In the beginning God created the heaven and the earth. -Genesis 1:1
And the earth was without form, and void; … -Genesis 1:2a
I seldom reflect on the purpose of man.
It’s tempting to try, but unlikely we can
appease that insatiable yearning to know
if man came from cobwebs or, eons ago,
crawled out of the sea to become an air-breather.
(I’m reasonably certain that you don’t know either.)
We’ve too many gaps in our history banks—
too many examples of fill-in-the-blanks.
But sometimes for simple escape entertainment,
I ponder our source and our future arraignment
for answers known only to God, on a whim (?),
who gives us the freedom to second-guess Him.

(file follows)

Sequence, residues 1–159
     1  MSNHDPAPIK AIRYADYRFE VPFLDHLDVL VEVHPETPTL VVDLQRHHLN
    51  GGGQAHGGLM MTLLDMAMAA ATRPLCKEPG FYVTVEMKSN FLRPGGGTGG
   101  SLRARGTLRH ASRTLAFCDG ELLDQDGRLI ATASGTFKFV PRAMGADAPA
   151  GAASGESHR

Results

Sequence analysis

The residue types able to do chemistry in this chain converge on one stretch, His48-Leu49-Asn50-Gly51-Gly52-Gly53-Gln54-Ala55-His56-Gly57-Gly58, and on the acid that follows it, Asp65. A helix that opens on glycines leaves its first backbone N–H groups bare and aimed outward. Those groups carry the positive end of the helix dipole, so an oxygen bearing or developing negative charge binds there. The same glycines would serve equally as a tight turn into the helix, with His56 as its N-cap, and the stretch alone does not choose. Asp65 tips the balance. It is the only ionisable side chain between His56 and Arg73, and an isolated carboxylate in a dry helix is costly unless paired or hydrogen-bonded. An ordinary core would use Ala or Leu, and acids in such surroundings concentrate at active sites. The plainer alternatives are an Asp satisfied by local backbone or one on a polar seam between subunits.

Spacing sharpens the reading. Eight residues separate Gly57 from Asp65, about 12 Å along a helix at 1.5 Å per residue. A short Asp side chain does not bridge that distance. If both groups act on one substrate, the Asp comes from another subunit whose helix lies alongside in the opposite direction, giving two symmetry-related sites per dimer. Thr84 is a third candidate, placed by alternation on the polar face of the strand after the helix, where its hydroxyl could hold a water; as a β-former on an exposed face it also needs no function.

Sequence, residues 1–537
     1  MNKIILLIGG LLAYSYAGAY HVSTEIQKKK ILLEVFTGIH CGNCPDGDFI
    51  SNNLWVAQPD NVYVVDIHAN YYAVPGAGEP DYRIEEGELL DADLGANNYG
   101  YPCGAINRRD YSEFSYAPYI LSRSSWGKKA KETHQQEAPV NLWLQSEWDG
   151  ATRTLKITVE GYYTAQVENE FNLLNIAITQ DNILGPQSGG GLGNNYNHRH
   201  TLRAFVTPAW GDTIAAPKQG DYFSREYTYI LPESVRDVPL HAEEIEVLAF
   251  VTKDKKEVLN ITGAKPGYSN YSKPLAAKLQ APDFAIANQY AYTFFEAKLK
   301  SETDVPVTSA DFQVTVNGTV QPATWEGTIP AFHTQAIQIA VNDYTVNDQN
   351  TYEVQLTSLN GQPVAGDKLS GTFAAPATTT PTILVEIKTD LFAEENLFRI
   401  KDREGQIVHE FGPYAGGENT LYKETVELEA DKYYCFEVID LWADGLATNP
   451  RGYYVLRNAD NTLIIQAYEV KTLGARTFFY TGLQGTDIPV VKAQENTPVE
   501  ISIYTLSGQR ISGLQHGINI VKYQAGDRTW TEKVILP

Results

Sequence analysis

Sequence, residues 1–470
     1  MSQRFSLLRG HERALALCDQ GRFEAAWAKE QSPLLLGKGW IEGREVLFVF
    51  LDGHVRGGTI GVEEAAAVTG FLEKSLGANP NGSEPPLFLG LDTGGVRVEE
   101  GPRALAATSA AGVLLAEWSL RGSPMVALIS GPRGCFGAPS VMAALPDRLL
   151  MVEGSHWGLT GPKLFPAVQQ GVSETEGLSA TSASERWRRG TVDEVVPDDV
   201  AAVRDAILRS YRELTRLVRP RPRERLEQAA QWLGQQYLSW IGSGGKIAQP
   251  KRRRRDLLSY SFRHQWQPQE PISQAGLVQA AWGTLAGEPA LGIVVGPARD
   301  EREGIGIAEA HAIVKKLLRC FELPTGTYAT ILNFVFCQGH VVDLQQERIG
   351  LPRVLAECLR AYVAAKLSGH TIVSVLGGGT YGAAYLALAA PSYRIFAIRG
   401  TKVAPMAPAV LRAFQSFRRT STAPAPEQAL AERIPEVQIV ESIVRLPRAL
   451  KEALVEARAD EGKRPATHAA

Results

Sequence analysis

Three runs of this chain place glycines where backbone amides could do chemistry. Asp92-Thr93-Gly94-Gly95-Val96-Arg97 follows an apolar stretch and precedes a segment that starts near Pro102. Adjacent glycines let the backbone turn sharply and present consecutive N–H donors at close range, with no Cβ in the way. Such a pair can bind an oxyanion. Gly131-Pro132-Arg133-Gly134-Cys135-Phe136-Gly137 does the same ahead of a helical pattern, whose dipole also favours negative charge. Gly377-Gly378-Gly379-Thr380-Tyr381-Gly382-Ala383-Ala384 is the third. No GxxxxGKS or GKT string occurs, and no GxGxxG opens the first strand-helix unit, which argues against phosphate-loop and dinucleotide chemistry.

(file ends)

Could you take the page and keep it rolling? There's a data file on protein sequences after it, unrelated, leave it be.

If one would accept the Creation account
it isn’t surprising when misgivings mount.
Was Genesis, King James Edition, Verse One,
a project aborted when scarcely begun?
The gist of that metaphor, cryptic and terse,
leaves doubt on what happened before the next verse.
Did God the Almighty consider the norm
to fashion a world that was void, without form?
Or is it a picture of what Earth became
through some well-intentioned or spurious aim?
How often might voidness have happened before —
the planet laid waste by neglect, greed, or war?
Does mankind alone have the power to employ
an ultimate plot to completely destroy
the cosmic design, or does Earth orchestrate
a hidden agenda to regenerate?
To voices of doom I would humbly submit
that panic and blame never help things a bit.
As science provides us a means to an end
I’ll take it or leave it, it cannot transcend
the mystical truth that is written in stone:
Benevolent Universe cares for her own …
and as for the When and the How and the Why,
I’m glad She can handle them better than I.
1998 Mary Boren